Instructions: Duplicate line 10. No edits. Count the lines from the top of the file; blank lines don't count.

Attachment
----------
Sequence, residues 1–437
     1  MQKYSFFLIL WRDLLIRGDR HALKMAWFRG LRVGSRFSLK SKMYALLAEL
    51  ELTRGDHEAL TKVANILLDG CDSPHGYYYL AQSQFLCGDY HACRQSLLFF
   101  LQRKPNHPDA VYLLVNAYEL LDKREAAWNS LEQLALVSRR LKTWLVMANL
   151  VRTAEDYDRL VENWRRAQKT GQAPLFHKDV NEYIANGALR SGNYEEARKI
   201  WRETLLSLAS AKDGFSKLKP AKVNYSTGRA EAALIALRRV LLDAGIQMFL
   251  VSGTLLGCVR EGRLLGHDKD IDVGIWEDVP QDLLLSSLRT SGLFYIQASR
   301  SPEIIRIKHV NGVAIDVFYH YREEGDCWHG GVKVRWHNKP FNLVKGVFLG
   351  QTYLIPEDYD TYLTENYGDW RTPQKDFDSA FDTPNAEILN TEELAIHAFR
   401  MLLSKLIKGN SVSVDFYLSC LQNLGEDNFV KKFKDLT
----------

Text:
   401  MLLSKLIKGN SVSVDFYLSC LQNLGEDNFV KKFKDLT